3. Be enthusiastic and give positive feedback frequently. Kids need your leadership and guidance and thrive on positive feedback when they do something well. Also, give parents positive feedback if their child is doing well. They need to stay motivated as well and hearing their child is doing well gives them a big boost.

4. Encourage parents to get involved. I welcome and encourage parents to watch my practices. I also welcome them to get on the mats and help. The more personal attention your students receive, the quicker they will improve. At tournaments, I invite the parents to sit in the corner with me. This is a positive experience and sometimes I have many kids competing at one time, so the parents need to be prepared to be an asset in the corner rather than a detriment.

5. Run a tight ship, but let the kids have fun. Take your instructional phase of practice seriously but not too serious. Good teachers and coaches make their instruction interesting for the kids, so they pay attention and have fun. Incorporate stories and interesting analogies into your instruction. Carefully structure the practice so the kids benefit as much as possible, and also make time for a couple of "games" every practice. I have made up a variety of fun games that incorporate wrestling skills and conditioning into them. If the kids get through a segment of practice and do really well, we often play a game for a couple minutes as a reward before moving on to next segment.

6. Incorporate live wrestling throughout your practice. In a traditional practice most the live wrestling is done at the end of practice, and some kids programs I am familiar with do not let the kids do much live wrestling at all. Kids like to scrap and can only absorb so much instruction at once, so break up your practice with segments of live wrestling. I often let my students wrestle a live match after warming up and doing some basic skill drills. It seems to settle them down and tire them out a little, and the result is that they pay better attention when I teach. Give it a try. Live situations are also an essential training tool. They allow you to teach important technique points between starts and the kids enjoy them because they get to wrestle.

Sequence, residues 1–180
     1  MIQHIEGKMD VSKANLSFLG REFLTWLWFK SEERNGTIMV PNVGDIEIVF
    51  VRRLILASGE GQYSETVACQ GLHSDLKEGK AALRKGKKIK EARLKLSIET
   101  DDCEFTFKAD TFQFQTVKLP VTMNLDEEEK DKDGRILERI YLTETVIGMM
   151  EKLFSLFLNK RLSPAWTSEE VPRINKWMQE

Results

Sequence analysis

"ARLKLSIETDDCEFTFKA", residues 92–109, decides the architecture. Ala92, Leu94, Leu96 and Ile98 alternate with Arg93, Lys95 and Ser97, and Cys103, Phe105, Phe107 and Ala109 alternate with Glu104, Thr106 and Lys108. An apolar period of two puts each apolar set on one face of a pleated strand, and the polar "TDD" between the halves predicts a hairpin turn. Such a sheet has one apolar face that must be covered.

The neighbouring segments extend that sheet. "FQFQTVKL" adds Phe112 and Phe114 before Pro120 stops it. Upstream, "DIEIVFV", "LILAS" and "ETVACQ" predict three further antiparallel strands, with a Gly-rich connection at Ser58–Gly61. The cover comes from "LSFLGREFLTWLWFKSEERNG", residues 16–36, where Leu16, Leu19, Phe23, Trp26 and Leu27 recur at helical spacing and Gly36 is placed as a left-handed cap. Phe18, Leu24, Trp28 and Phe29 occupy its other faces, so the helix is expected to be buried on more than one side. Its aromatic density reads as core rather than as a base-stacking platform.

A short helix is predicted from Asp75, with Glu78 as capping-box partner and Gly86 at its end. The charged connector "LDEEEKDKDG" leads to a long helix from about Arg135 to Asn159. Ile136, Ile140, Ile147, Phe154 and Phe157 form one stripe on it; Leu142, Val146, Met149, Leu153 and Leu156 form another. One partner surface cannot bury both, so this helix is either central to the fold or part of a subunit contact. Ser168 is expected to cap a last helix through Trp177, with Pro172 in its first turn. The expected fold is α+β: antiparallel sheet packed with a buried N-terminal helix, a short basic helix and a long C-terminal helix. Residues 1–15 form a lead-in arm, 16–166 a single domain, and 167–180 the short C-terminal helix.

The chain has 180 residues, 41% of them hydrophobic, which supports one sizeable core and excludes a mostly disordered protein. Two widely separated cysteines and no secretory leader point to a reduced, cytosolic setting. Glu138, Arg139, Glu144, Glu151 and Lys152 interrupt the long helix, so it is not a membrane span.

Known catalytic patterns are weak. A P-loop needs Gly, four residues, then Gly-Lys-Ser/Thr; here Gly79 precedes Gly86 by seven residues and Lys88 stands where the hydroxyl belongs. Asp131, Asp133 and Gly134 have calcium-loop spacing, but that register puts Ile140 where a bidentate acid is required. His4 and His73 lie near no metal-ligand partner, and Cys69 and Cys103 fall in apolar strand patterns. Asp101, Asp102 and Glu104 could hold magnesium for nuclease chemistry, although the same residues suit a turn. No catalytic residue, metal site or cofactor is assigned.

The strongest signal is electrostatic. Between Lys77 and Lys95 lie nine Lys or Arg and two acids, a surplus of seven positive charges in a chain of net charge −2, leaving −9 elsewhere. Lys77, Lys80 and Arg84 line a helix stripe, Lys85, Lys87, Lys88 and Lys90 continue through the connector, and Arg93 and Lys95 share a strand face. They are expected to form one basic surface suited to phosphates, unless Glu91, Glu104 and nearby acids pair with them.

7. Utilize videotape for instruction and motivation. Beginners need to see what it looks like when a move is executed correctly in competition, and edited highlight tapes can prove to be very motivational.

8. Teach more than just technique. Emphasize to your wrestlers the value of sportsmanship, poise, goal setting, discipline, work ethic and the other important "lessons of life". My wrestling coaches had a greater impact on my character and life than my school teachers. Instill the lessons of life in your students because they will undoubtedly help them in everything they do throughout their lives. Kids look up to you more than you will ever realize.

I left full time college coaching in 1994 to devote more of my time to working with young wrestlers. I expanded my Gold Medal Summer Camps and local Home Training Center so I could coach kids full time. I still work with wrestlers of all ages regularly, but I probably enjoy working with young wrestlers the most. I believe a big reason that I have been successful working with the little guys is that I truly enjoy being around them. I enjoy the challenge of getting kids to learn the game and develop a passion for our sport. Undoubtedly, the kids who excel when they grow up are the ones who love doing it. All work and no play at a young age, is not always a good formula for success later on. Don't get me wrong, my students and I value winning. However, skill development and fun take on equal importance.

The trick is to plan and conduct structured, reasonably intense practices, so that your students get good while still enjoying the training. Then they start to win and really enjoy the sport. Let's face it, no matter what the activity or age group, winning is more fun than losing. Our Gold Medal School Youth Program motto is " Work Hard and Have Fun on your way to #1!" Good Luck on your quest for success!!